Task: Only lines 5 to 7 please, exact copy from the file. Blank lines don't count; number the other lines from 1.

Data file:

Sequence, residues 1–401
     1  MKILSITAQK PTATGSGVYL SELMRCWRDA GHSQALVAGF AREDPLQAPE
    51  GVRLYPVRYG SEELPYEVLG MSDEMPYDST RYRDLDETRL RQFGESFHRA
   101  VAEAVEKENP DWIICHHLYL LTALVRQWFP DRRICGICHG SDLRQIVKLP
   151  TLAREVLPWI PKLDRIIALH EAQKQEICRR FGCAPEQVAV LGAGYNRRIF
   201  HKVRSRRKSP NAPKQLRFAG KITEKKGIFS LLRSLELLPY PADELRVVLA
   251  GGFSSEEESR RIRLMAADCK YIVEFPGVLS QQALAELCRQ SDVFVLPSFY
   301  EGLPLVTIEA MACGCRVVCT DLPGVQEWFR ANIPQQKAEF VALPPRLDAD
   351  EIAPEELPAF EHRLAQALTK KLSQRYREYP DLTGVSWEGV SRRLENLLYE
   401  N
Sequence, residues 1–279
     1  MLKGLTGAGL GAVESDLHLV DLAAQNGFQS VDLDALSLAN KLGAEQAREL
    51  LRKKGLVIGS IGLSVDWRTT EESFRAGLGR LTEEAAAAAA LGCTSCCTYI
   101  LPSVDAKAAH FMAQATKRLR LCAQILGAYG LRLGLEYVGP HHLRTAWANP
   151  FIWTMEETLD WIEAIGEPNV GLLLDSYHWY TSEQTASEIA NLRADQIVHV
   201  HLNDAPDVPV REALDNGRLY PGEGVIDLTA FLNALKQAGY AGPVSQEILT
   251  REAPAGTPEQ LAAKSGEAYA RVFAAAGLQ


   151  TLAREVLPWI PKLDRIIALH EAQKQEICRR FGCAPEQVAV LGAGYNRRIF
   201  HKVRSRRKSP NAPKQLRFAG KITEKKGIFS LLRSLELLPY PADELRVVLA
   251  GGFSSEEESR RIRLMAADCK YIVEFPGVLS QQALAELCRQ SDVFVLPSFY